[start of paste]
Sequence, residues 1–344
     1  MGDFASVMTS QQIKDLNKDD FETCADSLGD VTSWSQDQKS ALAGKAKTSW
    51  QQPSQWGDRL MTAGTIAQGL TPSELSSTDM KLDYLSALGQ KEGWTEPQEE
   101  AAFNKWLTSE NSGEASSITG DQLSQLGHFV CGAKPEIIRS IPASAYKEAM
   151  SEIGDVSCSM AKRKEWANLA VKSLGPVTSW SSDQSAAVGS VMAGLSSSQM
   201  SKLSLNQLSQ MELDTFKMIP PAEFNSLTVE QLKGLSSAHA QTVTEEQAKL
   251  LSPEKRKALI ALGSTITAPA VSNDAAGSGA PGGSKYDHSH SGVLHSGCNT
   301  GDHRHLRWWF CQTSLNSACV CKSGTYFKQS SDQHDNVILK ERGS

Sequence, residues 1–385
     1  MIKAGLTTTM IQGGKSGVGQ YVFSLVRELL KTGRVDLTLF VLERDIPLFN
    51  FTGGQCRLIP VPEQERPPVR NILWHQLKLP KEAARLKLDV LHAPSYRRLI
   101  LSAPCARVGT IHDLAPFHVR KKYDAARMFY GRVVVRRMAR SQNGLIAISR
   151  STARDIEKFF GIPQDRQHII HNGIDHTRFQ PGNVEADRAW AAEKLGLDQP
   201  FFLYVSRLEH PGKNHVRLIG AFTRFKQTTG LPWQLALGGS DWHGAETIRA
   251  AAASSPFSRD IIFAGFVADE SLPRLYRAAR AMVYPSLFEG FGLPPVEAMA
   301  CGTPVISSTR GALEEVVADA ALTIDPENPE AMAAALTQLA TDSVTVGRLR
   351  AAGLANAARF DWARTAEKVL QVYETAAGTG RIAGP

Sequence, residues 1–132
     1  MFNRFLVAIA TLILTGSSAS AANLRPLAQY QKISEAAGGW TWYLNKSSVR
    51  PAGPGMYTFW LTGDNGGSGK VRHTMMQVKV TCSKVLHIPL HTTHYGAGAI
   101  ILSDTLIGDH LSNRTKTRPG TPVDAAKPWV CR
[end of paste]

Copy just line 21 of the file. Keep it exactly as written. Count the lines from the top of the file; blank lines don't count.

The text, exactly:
   101  ILSDTLIGDH LSNRTKTRPG TPVDAAKPWV CR